‘It’s great that people are paying attention to gender balance but we’ve a long way to go’
Trinity College Dublin’s MBA applies gender equality at a practical and academic level
TCD says that they are eager to deliver gender parity in the classroom. Photograph: iStock
Trinity College Dublin’s project based MBA is one that promotes diversity and authentic leadership, with two streams running in the school each year; a full-time and an executive MBA.
Amanda Shantz, director of the MBA in TCD says that they are eager to deliver parity in the classroom, which is close to a 50 per cent male to female ratio, as well as a different approach to teaching how to become an effective leader.
She explains the programme, which can be taken in one full-time year or two years, part-time.
“The same modules are taught across both and the experience is the same across both. We have approximately 50 students across each of our cohorts, so we intake 100 students every year. They take 12 modules throughout that time and also do three company projects,” she says.
One of these is a Strategic Company Project, which she says is a surrogate for a dissertation.
“Students go in to a major multinational or top Irish player and they help the company to solve strategic issues. The second project is called the Social Enterprise Project. In this they are assigned to either NGOs or companies with a social purpose. Finally, there is the Scaling Project, where students are assigned to a small organisation that wants to grow or size up,” she says.
There is a strong emphasis on authentic leadership and developing your own sense of style within the programme.
“We have a belief here in Trinity that leadership comes about through practice and also figuring out what type of leader you want to be, in your own context, in your own body and your own environment.
Leadership needs to be something that comes from within and it is bound by a person’s age, experience, nationality and gender. It’s about trying to dig deep, asking who am I as a leader and how am I going to be successful in my own context,” she says.
We can’t be blind to the fact that there are issues out there with regard to work/life practices; they are disadvantaging women
This year, the course has 55 per cent to 45 per cent male to female ratio but it has reached an equal percentage in the past. Benchmark this against other MBAs and it can be seen that Trinity is doing better in terms of balance than the vast majority of other universities.
The course also supports women, in several ways.
“We partner with the 30% Club, and give scholarships to women candidates to come on to the MBA. Within the taught modules, we also talk a lot about diversity and ethics. We have a specific module called Business and Society and within that we talk about how organisations are trying to change the landscape in many industries and how they can go about attracting and retaining women in their companies,” she says.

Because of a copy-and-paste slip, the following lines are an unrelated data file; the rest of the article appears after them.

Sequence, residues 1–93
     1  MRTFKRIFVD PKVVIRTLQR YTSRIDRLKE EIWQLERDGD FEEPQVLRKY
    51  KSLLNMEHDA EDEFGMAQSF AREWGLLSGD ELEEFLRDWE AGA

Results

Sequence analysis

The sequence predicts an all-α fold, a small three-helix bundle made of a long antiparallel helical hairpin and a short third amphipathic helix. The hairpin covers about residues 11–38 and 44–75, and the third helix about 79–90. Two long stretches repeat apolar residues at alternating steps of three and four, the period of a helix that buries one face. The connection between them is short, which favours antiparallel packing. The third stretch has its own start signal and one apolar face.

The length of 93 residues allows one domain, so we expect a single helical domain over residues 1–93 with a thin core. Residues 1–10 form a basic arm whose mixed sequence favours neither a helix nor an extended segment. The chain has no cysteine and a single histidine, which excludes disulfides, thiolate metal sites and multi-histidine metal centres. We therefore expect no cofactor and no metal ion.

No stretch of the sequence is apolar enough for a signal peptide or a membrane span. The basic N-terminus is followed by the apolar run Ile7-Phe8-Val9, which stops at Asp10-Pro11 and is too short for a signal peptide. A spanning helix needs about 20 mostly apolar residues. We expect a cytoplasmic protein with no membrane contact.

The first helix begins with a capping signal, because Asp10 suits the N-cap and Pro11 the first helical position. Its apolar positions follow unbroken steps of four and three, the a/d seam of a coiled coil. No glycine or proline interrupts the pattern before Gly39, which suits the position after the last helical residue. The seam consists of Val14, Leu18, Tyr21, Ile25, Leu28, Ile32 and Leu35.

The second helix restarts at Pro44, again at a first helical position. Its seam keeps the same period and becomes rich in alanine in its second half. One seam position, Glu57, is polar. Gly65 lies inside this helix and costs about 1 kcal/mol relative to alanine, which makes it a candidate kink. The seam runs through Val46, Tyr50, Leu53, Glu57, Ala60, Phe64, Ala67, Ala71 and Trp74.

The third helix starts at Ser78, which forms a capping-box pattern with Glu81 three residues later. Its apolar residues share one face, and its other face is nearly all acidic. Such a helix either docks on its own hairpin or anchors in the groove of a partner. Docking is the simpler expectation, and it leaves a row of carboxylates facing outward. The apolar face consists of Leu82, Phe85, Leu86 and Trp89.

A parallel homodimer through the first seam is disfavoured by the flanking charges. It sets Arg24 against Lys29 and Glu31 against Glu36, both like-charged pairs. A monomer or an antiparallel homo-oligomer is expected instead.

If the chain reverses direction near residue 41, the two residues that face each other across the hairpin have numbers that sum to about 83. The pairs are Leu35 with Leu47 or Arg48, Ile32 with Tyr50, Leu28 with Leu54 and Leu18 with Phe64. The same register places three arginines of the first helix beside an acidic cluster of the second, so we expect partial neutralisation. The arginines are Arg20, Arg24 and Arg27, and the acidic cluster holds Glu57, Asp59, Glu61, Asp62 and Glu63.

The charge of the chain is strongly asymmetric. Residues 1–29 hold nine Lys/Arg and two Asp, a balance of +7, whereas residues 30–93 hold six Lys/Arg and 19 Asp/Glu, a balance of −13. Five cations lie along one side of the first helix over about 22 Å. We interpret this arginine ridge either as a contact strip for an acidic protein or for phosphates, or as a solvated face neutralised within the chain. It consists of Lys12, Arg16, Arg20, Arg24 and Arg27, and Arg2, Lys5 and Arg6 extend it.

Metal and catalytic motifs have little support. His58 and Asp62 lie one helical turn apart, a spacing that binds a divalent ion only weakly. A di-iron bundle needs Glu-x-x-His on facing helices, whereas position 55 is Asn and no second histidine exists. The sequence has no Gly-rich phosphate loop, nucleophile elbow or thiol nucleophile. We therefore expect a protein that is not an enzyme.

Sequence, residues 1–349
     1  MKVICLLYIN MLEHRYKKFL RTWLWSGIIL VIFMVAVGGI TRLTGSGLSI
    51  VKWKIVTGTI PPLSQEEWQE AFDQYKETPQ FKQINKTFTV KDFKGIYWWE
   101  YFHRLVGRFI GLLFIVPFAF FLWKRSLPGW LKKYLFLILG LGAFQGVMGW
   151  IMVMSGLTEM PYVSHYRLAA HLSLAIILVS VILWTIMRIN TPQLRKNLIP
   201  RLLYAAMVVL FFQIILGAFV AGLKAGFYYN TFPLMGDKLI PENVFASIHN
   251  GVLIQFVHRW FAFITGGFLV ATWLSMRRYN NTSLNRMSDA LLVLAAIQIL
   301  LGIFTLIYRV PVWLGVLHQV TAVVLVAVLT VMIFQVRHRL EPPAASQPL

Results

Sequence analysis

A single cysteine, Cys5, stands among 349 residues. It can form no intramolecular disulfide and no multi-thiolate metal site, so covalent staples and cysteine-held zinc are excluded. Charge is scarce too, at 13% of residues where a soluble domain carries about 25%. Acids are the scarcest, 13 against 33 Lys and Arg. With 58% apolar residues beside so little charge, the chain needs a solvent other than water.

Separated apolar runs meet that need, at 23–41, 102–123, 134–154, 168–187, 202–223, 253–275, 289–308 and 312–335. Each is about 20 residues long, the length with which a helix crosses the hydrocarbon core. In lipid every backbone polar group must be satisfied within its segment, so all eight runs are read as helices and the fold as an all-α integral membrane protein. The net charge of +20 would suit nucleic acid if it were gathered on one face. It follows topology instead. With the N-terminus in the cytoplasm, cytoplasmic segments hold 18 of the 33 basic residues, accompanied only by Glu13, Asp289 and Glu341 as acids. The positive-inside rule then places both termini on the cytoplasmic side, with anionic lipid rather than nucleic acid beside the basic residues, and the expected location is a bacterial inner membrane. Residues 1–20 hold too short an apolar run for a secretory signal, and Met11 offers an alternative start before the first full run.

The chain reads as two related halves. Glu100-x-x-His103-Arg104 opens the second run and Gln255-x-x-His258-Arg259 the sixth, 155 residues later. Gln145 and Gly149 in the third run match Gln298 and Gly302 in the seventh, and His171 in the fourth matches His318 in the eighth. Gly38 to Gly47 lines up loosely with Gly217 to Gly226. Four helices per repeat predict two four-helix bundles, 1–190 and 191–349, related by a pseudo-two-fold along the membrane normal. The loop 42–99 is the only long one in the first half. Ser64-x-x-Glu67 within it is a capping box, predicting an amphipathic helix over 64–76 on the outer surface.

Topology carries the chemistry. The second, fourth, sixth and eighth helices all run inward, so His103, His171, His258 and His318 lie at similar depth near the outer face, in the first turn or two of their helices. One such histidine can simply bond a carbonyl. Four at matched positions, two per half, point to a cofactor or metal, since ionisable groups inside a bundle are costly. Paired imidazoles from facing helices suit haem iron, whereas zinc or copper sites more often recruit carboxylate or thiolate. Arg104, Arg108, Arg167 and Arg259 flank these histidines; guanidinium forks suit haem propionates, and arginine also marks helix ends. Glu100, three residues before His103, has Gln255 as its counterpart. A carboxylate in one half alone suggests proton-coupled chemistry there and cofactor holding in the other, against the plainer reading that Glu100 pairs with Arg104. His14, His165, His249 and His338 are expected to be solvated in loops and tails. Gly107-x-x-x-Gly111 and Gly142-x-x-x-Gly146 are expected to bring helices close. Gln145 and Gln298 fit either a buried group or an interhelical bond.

Gender comes up a lot, she says.
“I teach strategic human resource management on the Executive MBA. We talk a lot about diversity and retention and things that get in the way of women’s success. They’re not things that women put in front of themselves but societal barriers or misconceptions around gender and stereotypes around women and how that gets in the way of women getting the job or promotion that they really want or desire. We talk about that and the research evidence that proves these things are in fact real. We can’t be blind to the fact that there are issues out there with regard to work/life practices; they are disadvantaging women,” she says.
Shantz says people learn through doing and if you are not involved in doing, it’s difficult to understand abstract concepts and theories and how they can be applied and used in real world situations.
This is where the project based MBA makes a real difference.
“In school we learn, in the work place we work and never the two shall meet. In the classroom you learn abstract concepts but at work you do the actual work. The company projects allow students to fuse those two together. It’s incredibly important for helping students to bridge that work and learning divide. It’s also important in terms of leadership and team dynamics, and provides a safe environment for students to reflect on their personal best.”
She says the course allows students to be who they want to be.
You can try out new skills and use it as a fertile ground of experimentation to try out different identities
“Let’s say you’re the type of person who doesn’t speak up very often and are shy in a group setting, you come on the MBA and you’re with complete strangers, you can do whatever you want and be whoever you want. You can try out new skills and use it as a fertile ground of experimentation to try out different identities and then if those work well, you’ll start to adapt those identities to different areas of your life,” she says.
In terms of women succeeding in businesses, she says, there is still “a very long way to go”.
“When I was younger, I thought ‘what is with all this talk about women being discriminated against in work?’ I didn’t see it or feel it. When you get older and have kids and senior positions are coming up, you start to realise, ‘there is something to this. I am not progressing in the same way as my male colleagues, or I might not be evaluated in the same way as my male colleagues’. We know through evidence that in all sorts of professional domains, women are held back for certain reasons. My personal view is that it’s wonderful that people are paying attention to it and talking about it but we’ve a way to go yet.”
Trinity has set about making a world class business school and now ranks in the top two per cent of business schools worldwide. Now amongst the fast growing business schools in Europe, its new facility opens on Thursday, May 23rd.